Blesok no. 28, September-October, 2002

Medea and Her War Machines
Translated by Adam J. Sorkin and Alina Carac

Ioan Flora

The Mare Danube
To Gellu Naum

Contractions, convulsions, solitary confinement in broad daylight,
Free – fall as a form of survival, effigies
of an Alexandrian age.
Oh, I itched for cleansing rain, a raging flood,
a cloudburst on the map of Romanian poetry, rivers
rampaging out of their beds,
with bridges of ice collapsed in rye fields.

Look, Epimenides, I've come! says Gellu Naum
(in the meantime Victor Brauner had disappeared from the walls,
and the surrealist seem to have acceded to power);
I was wandering through Siberias of the future, I'd already halted on the Bug,
but by sheer happenstance I traveled the road back home
astride a mangy mare cut in two,
the Appaloosa mare called Danube.

Another moment gone by, another century past, Medea
(certain the rickety mare was lame) ordered me to stab it, to shoot it.
My bowels were in knots, my tongue staggered on my thoughts,
I developed a limp in my writing hand,
I couldn't live with myself any longer, or others.
What's more, the cauldron of the sky slipped and fell, sticking halfway
into the soil of their mute, tricolor homeland.
Then a couple of slick boys showed up, from Valcea,
from Teleorman, and in less than no time took her crippled life and skinned her;
her hide they draped over the withers of a white horse beating a retreat,
and my march to the tail of my homeland became
a forced and singularly glorious one.
By now, the Bug was far behind, to say nothing of the Kurils
or Vladivistok.

Look, Epimenides, I've come! says Gellu Naum
(Epimenides of Crete sleeps during stormy weather
in the hollow of an oak and stays there
the space of half a century),
my mare Danube
is now a glove or a boot, my war -
a forest of wolves.

Epimenides! Epimenides!
(Here intrudes an image, the story of Father Cleopa
one autumn some years ago,
with the steward Haralampie following on his knees, step by step,
and an eagle that issued forth from the pulpit, then into the churchyard,
then into the wide world of the monastery,
taking flight high into an elm and singing.
O Lord, how it sang!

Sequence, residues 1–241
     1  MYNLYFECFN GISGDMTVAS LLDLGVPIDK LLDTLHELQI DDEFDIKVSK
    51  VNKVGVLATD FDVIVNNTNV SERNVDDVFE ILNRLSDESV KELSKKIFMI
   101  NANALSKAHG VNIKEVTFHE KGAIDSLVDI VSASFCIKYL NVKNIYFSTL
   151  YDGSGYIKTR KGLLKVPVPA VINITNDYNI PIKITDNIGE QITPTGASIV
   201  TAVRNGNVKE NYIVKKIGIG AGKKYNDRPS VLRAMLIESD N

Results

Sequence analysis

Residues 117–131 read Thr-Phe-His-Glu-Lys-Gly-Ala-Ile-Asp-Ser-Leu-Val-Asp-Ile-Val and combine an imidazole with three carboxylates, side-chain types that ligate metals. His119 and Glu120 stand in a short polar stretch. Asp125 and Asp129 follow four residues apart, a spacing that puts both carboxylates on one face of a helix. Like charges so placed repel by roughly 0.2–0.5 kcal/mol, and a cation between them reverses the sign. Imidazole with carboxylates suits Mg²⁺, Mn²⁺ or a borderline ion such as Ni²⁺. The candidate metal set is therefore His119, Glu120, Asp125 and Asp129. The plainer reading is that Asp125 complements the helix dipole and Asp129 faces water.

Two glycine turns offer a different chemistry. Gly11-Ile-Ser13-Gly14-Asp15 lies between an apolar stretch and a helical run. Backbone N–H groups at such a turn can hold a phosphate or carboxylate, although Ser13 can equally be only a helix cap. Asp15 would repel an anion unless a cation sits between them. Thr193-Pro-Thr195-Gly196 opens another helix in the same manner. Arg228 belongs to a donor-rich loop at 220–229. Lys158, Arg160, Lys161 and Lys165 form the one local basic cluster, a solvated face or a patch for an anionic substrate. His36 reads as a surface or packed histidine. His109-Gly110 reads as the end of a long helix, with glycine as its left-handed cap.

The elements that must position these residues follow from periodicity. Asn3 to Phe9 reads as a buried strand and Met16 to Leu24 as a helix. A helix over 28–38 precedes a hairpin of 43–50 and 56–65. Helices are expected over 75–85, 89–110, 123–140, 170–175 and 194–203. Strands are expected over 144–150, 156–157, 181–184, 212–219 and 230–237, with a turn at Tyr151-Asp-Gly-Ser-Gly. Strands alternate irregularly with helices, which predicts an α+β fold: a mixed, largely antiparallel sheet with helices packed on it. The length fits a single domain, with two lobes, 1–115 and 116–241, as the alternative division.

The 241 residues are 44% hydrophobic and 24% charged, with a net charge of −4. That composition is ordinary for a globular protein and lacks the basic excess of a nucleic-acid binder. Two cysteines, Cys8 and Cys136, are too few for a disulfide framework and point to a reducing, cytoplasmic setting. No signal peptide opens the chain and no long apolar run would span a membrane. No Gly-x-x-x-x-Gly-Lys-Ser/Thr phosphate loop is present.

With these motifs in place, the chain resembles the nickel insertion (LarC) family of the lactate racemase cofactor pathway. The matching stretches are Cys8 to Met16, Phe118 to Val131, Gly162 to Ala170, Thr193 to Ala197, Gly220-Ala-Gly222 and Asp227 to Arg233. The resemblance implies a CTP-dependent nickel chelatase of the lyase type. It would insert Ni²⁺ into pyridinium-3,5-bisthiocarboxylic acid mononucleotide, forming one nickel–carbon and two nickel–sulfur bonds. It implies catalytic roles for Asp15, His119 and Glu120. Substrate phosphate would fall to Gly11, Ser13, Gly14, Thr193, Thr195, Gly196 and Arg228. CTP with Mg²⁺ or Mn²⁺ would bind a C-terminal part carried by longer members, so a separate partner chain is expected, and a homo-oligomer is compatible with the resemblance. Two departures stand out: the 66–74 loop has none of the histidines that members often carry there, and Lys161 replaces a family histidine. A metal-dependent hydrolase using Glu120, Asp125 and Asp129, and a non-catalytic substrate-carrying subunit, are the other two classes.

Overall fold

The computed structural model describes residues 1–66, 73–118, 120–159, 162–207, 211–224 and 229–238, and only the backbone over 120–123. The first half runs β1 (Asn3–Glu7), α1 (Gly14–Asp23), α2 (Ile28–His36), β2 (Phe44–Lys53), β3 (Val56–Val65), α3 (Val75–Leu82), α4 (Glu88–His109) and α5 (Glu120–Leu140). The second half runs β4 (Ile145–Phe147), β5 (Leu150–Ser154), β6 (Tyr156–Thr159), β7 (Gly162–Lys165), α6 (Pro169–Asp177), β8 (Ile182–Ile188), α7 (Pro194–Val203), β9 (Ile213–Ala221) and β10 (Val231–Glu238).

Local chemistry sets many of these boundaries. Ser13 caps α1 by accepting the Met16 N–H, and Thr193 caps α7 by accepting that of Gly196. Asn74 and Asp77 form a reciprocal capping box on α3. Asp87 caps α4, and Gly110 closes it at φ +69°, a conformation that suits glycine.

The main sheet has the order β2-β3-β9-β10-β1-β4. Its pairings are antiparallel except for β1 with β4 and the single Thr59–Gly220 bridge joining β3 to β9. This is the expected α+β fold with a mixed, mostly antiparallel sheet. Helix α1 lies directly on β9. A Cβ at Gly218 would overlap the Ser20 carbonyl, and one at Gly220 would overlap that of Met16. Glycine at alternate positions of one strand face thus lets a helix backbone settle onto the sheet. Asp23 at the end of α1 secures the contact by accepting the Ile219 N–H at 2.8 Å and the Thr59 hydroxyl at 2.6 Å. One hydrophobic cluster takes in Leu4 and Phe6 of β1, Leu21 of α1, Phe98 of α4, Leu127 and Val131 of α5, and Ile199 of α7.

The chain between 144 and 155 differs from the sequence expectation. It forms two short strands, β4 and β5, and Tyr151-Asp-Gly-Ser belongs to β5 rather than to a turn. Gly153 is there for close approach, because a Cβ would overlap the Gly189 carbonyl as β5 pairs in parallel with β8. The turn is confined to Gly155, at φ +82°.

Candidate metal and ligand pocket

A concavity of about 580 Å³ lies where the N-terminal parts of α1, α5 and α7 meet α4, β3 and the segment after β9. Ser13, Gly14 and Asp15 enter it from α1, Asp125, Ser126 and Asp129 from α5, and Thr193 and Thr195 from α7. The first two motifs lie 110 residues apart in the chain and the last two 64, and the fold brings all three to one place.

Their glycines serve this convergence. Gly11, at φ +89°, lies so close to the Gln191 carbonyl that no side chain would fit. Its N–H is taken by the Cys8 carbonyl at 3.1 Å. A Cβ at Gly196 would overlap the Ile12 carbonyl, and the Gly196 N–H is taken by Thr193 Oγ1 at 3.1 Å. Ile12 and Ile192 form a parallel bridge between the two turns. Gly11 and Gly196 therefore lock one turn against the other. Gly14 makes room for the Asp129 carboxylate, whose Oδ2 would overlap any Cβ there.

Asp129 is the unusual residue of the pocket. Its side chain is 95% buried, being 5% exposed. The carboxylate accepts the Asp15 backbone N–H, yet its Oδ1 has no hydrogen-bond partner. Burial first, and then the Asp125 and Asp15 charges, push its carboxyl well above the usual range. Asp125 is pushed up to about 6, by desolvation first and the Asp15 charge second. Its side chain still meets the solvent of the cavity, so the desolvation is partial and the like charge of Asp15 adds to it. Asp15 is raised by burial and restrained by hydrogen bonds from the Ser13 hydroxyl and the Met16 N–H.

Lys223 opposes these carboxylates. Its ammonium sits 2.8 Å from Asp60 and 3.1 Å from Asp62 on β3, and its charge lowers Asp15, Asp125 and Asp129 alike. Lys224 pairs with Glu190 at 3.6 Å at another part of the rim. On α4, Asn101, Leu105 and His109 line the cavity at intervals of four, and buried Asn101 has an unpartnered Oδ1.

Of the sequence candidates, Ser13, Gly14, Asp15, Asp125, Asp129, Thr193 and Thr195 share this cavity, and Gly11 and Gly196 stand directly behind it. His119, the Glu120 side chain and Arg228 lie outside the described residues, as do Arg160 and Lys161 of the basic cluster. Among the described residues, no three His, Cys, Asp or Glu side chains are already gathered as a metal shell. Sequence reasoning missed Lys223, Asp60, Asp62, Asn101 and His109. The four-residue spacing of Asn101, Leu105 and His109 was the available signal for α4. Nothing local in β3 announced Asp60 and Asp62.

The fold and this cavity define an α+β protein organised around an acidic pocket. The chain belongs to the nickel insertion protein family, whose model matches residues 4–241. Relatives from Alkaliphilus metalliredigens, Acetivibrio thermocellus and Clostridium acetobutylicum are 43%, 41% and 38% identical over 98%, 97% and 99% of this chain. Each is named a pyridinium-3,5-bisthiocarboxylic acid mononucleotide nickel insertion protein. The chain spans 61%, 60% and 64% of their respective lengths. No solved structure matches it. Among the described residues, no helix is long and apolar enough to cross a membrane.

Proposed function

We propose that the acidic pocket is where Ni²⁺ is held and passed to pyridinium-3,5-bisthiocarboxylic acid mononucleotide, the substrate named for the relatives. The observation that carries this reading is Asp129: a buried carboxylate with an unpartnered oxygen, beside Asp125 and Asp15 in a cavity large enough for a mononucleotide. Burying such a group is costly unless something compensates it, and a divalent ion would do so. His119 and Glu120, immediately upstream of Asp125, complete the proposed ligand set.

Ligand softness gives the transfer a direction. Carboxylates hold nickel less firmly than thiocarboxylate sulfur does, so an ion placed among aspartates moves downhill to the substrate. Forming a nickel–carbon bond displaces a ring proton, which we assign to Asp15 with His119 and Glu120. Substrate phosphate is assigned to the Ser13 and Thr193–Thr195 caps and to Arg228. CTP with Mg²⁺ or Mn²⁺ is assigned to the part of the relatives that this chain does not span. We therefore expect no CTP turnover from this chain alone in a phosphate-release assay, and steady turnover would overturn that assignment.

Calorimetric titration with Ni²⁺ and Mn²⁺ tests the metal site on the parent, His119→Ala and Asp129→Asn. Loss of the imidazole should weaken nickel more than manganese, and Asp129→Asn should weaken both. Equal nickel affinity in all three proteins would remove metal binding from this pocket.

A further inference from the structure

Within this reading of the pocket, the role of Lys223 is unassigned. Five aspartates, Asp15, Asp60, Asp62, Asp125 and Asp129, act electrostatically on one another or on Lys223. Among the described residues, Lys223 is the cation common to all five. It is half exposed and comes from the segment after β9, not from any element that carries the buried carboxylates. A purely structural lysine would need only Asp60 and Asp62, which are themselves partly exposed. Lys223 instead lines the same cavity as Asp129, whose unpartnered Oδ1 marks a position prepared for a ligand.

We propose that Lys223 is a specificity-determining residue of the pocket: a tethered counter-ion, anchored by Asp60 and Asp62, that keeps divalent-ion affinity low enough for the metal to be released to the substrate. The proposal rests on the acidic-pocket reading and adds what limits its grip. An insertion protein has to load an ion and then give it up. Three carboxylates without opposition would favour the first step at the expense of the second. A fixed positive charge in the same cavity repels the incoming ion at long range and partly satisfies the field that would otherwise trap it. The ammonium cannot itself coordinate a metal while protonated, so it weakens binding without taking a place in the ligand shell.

Father Cleopa became convinced that this steward Haralampie
had beheld Heaven while listening to
the eagle singing and that he had returned
to the holy edifice after an hour and something rather more, which
in our rustic measurement means at least a century
and a half.)

Epimenides, Epimenides!
Look, Epimenides, I've come! says Gellu Naum.
Your skin is speckled with letters.
My mare Danube is lost now,
lost in its skin
in steppes and railways stations;
the grande dame, the creature, the ghost called Medea, confesses to the four corners
of the earth that man is a sample broth of herbs.

Epimenides, I've come!
Here are the morphological limbs of my mare by the name Danube,
here is my commune, here is Comana
where I learned to fish for bream, barbell, words, words, words,
here is the hide of the mare called Danube,
dressed with sand, with salt, hanging from the back
of the white horse beating a retreat.
Epimenides, I should go away, your oak hollow
is no longer a hollow and no longer shelters the sleep of the dream
after so many decades on end.
(For three years in a row I didn't utter a word, I'd go to the pond -
I'd fish, ever silent.
Silent like the fish, you might say, but that's not so.
In breathing, I spoke, though making no sound.)

I've sunk deep in an armchair.
Semidarkness, thunder outside,
Nigredo and C.G.Jung, the quatrain of immemorial signs,
gamma, yin and yang,
automatic writing as patriarchal staff, the clock that chimes the hours
lost somewhere in the house.

(I'm writing this poem on the border af a catalogue of the painter maxim D.
bearing the title Garment, dwelling – cuckoo. That is, I dress my poem
in the trappings of twigs, in clay, in chart, the poem is that cuckoo;
, 190x60x80 cm;
technique: twigs, clay, chart, gold leaf;
material – woven wattles, clay, manure, synthetic resins, pigment;
as the capacity of lodging both cuckoo and poem;
the cuckoo
which by definition denies location,
the cuckoo of feathers and flight, the cuckoo
of clay, of enamel,
Garment, dwelling – cuckoo,

the poem of woven wattles, clay, manure
and synthetic resins, the poem collapsed into cuckoo,
clay, enamel.)

Look, Epimenides, I've come!